The Partner Alliance for Safer Schools (PASS) recently released the sixth edition of its Safety and Security Guidelines for K-12 Schools, which offers best practices for securing school facilities from subject matter experts across the education, public safety and industry sectors.

According to the PASS guidelines document, schools have been the second most frequent targets in active shooter incidents as defined by the FBI since 2000. Highly publicized mass murders such as Columbine High School, Sandy Hook Elementary School, Marjory Stoneman Douglas High School and most recently The Covenant School in Nashville, have led to reassessments of how administrators can manage risk in the modern K-12 environment.

The PASS school security and safety guidelines, first released in 2015, provides school administrators, school boards and public safety and security professionals with a road map for implementing a layered and tiered approach to enhance the safety of school environments and a tool to prioritize needs.

New key highlights from the sixth-edition guidelines include:

  • More focused best practice recommendations to identify needed areas of improvement by separating the tier continuum practices that are already required by federal law or regulation or are already uniformly implemented throughout the U.S.
  • Redesignated tiers for clarity, which recommend that all schools and districts work toward Tier One measures regardless of location, budget or risk profile. If Tier One measures are in place, all should work towards Tier Two. Tiers 3 and 4 measures may be needed depending on an assessment from the core security team.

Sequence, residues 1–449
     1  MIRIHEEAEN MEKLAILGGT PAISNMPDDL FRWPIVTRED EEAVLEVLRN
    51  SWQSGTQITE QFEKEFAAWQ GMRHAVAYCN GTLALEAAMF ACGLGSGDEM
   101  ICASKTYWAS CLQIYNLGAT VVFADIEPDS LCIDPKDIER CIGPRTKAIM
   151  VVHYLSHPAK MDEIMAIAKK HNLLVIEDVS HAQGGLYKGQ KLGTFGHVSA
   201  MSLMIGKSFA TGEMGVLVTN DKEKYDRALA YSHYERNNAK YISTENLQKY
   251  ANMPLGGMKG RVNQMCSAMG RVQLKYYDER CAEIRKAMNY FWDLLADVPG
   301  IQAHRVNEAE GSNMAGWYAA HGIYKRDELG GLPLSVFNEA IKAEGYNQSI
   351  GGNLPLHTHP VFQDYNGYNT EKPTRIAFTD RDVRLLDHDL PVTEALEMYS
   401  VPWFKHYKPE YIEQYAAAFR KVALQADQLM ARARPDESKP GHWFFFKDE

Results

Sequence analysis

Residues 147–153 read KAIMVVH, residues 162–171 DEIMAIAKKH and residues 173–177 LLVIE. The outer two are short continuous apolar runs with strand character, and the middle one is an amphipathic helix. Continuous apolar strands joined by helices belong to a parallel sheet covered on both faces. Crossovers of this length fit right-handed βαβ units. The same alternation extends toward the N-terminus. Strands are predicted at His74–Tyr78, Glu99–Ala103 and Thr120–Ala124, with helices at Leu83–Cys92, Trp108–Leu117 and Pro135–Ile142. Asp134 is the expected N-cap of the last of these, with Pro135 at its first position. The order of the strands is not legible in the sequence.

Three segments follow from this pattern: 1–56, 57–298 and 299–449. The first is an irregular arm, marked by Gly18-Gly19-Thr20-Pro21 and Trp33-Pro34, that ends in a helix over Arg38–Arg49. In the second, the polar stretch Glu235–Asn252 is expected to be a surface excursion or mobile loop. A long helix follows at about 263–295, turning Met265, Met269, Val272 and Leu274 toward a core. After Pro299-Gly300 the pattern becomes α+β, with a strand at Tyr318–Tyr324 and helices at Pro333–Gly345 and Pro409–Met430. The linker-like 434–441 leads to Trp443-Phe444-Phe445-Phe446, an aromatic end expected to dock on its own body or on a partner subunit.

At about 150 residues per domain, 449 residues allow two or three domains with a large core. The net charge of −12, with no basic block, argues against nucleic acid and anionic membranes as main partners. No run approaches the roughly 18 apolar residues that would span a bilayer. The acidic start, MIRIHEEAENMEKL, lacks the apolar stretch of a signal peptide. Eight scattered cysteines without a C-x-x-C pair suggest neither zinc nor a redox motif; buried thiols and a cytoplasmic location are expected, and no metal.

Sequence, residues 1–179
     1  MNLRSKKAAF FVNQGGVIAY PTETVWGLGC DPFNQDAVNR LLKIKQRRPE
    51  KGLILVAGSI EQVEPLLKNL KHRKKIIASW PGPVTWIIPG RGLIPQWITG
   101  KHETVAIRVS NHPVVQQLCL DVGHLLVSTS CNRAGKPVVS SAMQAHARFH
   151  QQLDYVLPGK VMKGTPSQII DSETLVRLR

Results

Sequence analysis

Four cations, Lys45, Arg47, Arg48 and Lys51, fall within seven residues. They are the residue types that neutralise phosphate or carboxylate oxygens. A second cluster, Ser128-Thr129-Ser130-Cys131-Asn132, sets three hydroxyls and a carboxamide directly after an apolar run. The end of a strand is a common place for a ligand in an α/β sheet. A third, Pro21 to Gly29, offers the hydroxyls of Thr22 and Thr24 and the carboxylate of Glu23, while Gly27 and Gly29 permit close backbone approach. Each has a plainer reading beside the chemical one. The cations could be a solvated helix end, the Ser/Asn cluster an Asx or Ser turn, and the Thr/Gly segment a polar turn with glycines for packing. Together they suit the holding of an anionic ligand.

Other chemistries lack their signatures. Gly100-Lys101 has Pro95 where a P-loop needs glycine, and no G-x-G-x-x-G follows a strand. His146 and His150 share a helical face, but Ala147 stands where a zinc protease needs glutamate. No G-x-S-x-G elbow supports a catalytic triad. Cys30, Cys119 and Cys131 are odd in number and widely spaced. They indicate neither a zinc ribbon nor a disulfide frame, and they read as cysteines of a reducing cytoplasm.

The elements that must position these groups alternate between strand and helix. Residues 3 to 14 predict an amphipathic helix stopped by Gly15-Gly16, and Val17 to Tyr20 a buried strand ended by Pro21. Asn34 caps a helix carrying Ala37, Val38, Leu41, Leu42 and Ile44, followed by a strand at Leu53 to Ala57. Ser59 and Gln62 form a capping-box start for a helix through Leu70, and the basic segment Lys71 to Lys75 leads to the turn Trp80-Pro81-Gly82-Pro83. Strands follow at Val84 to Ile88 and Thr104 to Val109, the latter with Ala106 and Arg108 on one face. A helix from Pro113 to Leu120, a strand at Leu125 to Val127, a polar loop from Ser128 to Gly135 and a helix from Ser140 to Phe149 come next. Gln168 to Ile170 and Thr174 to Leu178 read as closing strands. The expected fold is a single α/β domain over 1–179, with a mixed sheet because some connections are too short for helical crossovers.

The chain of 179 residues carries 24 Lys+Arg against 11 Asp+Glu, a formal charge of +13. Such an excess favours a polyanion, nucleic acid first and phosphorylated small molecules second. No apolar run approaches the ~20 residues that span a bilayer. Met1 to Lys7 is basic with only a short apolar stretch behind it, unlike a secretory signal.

• Enhancements to the section on classroom security, a critical area for school safety. This section is simplified and updated with current terminology, illustrations and recommendations consistent with modern, code-compliant door hardware and access control equipment.
  • A new enhanced technologies section details solutions under consideration by many schools and districts that show potential for making significant improvements to school safety but may not yet be widely adopted. These include newer technologies in the areas of weapons detection, analytics, emergency communications and biometrics.

“Facility security measures are a critical part of protection, mitigation and response and to keeping our schools safe,” said Jeremy Gulley, superintendent of Jay School Corporation. “The latest version of the PASS Safety and Security Guidelines reflects and addresses the most current threats facing K-12 schools and offers robust information and best practices for those of us in the education community on how we can better secure our schools.”